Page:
Sex

How Pornography Use Affects Couples Sexual Health

Emerging research provides clues on how, and for whom, pornography affects sex.

Posted Jan 11, 2021

According to a 2018 Gallup poll, pornography use is seen as morally acceptable among a rising percentage of Americans, moving from 30 percent approval in 2011 to 43 percent by 2018. This trend follows overall movement toward more liberal beliefs across the boards. When it comes to pornography, the biggest changes were seen among unmarried people and adult males under age 49. Factors such as religion and political orientation affect porn acceptance, with a far smaller percentage of conservative and religious people finding porn morally OK.

Despite growing acceptance, there is serious concern that pornography causes real harm: exploitation and risk to performers, damage to the capacity for healthy relationship and interfering with relationship and sexual satisfaction, addictive potential, illegal activity supporting human trafficking and child abuse, and contribution to the general societal trend to objectify and present unrealistic expectations for physical attributes as well as what healthy sexual behavior is. These are public health and human rights concerns, overlapping with moral concerns and calls for ethical porn, just as trauma and moral injury overlap, requiring greater attention and activism

Pornography and long-term relationship

Of particular interest is the impact of pornography on marriage. According to a study in the Journal of Sexual Research (2018), pornography has a negative impact on most committed relationships. There are exceptions, but they are not typical. Looking at over 6000 couples, they found that anxiety about the relationship (anxious attachment) was associated with greater relationship satisfaction with own pornography use by men and lower satisfaction when women used porn.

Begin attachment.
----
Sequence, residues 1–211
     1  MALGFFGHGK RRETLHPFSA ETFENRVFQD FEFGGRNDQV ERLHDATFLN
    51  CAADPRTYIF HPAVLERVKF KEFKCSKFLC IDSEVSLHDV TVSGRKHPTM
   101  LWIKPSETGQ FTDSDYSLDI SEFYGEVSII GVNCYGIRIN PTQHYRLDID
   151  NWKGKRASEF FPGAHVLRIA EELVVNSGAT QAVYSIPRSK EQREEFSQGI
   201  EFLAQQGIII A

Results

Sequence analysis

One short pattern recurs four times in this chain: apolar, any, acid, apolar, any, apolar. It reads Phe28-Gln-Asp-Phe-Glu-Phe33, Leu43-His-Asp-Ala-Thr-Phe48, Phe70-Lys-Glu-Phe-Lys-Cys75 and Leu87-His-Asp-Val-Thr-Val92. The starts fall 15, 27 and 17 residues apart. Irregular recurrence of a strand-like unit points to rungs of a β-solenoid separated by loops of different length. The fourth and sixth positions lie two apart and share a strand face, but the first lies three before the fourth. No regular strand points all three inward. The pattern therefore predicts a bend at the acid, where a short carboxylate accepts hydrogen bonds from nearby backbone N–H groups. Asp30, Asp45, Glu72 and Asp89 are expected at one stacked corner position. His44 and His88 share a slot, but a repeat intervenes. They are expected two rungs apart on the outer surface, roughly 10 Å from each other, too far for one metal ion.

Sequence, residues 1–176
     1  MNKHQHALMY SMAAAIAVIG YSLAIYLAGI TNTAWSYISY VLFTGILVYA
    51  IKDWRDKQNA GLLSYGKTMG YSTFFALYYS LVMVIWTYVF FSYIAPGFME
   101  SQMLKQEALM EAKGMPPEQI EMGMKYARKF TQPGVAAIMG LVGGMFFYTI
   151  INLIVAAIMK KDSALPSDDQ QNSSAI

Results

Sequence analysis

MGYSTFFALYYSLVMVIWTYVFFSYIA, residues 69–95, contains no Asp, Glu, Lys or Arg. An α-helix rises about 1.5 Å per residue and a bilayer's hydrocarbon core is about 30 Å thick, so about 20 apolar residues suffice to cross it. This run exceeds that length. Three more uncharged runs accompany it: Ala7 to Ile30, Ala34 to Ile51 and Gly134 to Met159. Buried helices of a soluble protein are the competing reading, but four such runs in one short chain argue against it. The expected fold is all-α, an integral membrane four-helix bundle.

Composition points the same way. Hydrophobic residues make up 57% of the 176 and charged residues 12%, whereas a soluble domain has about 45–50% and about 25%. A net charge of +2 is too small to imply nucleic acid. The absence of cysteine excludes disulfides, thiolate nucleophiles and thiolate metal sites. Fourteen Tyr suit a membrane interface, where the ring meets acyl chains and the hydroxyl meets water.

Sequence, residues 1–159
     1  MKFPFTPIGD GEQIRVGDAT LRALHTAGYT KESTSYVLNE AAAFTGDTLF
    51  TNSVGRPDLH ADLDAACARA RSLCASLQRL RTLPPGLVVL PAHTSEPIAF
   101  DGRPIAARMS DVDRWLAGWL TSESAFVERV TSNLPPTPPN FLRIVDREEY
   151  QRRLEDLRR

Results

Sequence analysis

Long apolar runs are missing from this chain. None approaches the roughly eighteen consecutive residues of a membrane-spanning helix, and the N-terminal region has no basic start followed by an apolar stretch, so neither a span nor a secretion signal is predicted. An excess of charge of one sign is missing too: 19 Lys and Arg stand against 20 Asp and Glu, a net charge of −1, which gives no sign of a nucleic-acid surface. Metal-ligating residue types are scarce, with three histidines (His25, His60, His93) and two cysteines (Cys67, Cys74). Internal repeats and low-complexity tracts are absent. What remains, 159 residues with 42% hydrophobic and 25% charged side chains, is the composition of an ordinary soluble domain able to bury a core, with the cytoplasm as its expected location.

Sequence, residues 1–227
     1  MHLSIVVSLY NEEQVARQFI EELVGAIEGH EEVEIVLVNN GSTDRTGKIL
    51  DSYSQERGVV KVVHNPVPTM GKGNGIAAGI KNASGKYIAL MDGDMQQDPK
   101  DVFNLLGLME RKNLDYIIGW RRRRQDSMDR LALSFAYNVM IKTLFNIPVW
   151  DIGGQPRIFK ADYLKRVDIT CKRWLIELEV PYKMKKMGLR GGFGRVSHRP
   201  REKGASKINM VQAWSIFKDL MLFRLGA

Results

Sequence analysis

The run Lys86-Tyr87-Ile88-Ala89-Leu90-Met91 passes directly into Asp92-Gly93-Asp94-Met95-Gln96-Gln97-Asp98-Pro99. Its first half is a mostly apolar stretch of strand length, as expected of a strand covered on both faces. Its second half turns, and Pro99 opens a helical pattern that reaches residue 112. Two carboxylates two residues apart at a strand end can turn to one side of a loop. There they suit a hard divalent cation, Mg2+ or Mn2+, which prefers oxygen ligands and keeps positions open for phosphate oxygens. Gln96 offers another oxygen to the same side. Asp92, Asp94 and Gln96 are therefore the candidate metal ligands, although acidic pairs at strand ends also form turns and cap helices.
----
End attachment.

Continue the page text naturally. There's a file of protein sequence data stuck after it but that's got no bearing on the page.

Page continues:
Men were three times more likely to report porn use, and marginally more accepting of pornography. In general, they found that low pornography acceptance among porn users was associated with lower relationship satisfaction, though for men only higher acceptance was associated with greater relationship satisfaction. Pornography use was generally associated with anxious attachment and lower relationship satisfaction. However, work on how pornography use affects sexual satisfaction requires further study.

To understand the connection between pornography and sexual health, Vaillancort-Morel and colleagues, in their recent study in the Archives of Sexual Behavior (2021) surveyed 217 couples, including 72 same-sex couples, together at least one year, and sexually active, who completed approximately one month of daily reports.

They estimated pornography use, and whether it was solitary, with their partner, or both; sexual satisfaction on days sexually active, using the Global Measure of Sexual Satisfaction; sexual distress using the Female Sexual Distress Scale-Revised (also validated for men) estimating distress about sex life, inferiority feelings because of sexual issues, and sexual worries; sexual function via the Monash Female Sexual Satisfaction Questionnaire (with men’s version), asking about sexual desire, receptiveness, ease of arousal, quality of erection or lubrication, orgasm and experience of pleasure; and frequency of masturbation.

Findings